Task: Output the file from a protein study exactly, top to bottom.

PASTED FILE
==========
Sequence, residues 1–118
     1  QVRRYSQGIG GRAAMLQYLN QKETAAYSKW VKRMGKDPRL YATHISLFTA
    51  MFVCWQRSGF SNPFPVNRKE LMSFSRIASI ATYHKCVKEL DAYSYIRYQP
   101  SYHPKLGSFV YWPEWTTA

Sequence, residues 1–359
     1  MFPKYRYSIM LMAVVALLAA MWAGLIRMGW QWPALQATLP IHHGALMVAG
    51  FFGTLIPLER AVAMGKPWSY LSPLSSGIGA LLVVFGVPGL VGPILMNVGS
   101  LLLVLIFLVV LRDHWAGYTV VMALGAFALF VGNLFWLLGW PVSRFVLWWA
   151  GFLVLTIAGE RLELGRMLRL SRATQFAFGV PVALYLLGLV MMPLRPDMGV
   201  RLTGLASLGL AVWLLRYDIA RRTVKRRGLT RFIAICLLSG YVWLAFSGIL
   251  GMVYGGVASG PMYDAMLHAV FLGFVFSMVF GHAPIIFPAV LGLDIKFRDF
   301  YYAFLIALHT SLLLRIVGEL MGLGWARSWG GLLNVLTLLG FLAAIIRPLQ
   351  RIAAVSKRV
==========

Sequence, residues 1–118
     1  QVRRYSQGIG GRAAMLQYLN QKETAAYSKW VKRMGKDPRL YATHISLFTA
    51  MFVCWQRSGF SNPFPVNRKE LMSFSRIASI ATYHKCVKEL DAYSYIRYQP
   101  SYHPKLGSFV YWPEWTTA

Sequence, residues 1–359
     1  MFPKYRYSIM LMAVVALLAA MWAGLIRMGW QWPALQATLP IHHGALMVAG
    51  FFGTLIPLER AVAMGKPWSY LSPLSSGIGA LLVVFGVPGL VGPILMNVGS
   101  LLLVLIFLVV LRDHWAGYTV VMALGAFALF VGNLFWLLGW PVSRFVLWWA
   151  GFLVLTIAGE RLELGRMLRL SRATQFAFGV PVALYLLGLV MMPLRPDMGV
   201  RLTGLASLGL AVWLLRYDIA RRTVKRRGLT RFIAICLLSG YVWLAFSGIL
   251  GMVYGGVASG PMYDAMLHAV FLGFVFSMVF GHAPIIFPAV LGLDIKFRDF
   301  YYAFLIALHT SLLLRIVGEL MGLGWARSWG GLLNVLTLLG FLAAIIRPLQ
   351  RIAAVSKRV